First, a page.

Sundar Sarukkai’s is the first formal essay that beautifully sets philosophical limits to the fascinating reflections of the academics of the Collective, which dabble around metaphysics and politics. Defining metaphysics as the foundation of the fundamental structures of reality, and that which renders physics plausible, Sarukkai lucidly analyses the fundamental philosophical structures of politics, to see how the political is ordered as the political, and what exists as the metaphysics thereof. He goes into the historical process of the enduring suspicions around metaphysics, and the different trajectories, along with reactions to metaphysics over time, including what it means and how it works within Indian philosophical traditions. As a part of the exercise he draws on a more fundamental problem that distinguishes the Indian metaphysical system from the modern European one, and argues that this distinction has much to do with the autonomy and primacy of the individual.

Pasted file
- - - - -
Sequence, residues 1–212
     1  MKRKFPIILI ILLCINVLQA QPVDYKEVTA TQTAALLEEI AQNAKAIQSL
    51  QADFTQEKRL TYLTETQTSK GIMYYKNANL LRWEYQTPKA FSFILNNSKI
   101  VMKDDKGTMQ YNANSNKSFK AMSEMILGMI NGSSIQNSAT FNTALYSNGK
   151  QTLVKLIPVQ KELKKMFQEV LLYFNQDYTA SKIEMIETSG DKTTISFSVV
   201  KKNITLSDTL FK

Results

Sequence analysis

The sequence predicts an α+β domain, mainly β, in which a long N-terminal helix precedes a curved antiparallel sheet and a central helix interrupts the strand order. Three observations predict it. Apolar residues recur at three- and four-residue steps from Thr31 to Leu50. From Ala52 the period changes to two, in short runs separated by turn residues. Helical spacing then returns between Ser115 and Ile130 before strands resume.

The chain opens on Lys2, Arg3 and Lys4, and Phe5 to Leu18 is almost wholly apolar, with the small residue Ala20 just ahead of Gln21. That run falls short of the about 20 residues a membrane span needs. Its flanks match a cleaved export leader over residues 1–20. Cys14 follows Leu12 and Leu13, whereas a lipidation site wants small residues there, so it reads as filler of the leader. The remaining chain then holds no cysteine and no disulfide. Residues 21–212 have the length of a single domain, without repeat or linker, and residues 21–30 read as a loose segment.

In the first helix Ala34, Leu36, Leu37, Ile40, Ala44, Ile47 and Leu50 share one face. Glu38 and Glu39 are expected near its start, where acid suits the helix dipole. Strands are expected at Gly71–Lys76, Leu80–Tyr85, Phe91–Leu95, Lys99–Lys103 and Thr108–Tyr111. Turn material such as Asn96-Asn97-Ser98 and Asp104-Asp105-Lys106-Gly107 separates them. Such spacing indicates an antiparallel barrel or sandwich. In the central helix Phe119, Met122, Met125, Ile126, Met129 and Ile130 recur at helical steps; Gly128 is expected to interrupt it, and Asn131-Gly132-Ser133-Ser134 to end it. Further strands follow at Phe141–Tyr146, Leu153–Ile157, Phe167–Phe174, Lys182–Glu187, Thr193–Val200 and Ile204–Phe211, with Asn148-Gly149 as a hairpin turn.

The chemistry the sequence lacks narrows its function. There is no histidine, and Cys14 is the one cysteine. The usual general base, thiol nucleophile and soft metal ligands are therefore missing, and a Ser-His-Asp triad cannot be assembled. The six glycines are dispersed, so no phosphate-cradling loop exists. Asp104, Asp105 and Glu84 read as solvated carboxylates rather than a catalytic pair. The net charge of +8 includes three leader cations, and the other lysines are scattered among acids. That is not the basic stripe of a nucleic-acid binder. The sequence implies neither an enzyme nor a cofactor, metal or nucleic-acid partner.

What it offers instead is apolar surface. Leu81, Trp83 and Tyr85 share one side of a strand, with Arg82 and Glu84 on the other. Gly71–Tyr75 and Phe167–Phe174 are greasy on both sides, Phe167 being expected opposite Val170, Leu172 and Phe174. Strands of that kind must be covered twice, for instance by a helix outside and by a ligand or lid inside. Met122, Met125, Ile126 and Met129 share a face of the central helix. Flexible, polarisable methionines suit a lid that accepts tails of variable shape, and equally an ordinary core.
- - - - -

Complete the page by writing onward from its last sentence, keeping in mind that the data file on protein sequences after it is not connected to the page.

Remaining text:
Next is Ashis Nandy’s insightful essay on the life of V D Savarkar. With rare insights, Nandy probes into the politico-culturally contingent milieu that produced Savarkar as the architect of Hindutva, a form of political Hinduism. It is done in four sections, and begins with the context of the essay, the contemporary consciousness, scarce data on Savarkar’s personal life, a vague biography in the language of hagiography, and his self-righteous autobiographical writings (fearful of all human subjectivities, and hoping to be scientific). In the subsequent sections the essay unveils the beginnings of the still incomplete process of pan-Indian Hindu nation-building, the eventful life of Savarkar as a revolutionary nationalist until his death in 1966, a critical review of the subsequent political processes, and a weighty analytical comprehension of Savarkar as,

the name of a blown up, grotesque temptation inherent in the Southern world’s encounter with the global nation-state system and with religious traditions that facilitate the internalisation of the motive force of Western nationalism. That temptation is a part of everyone dreaming of working with tamed versions of nationalism and nation states armed with ideas of rationality, secularism, progress, and the so-called lessons of history, careful not to be ensnared by empathy, compassion, and

Heideggerian Perspective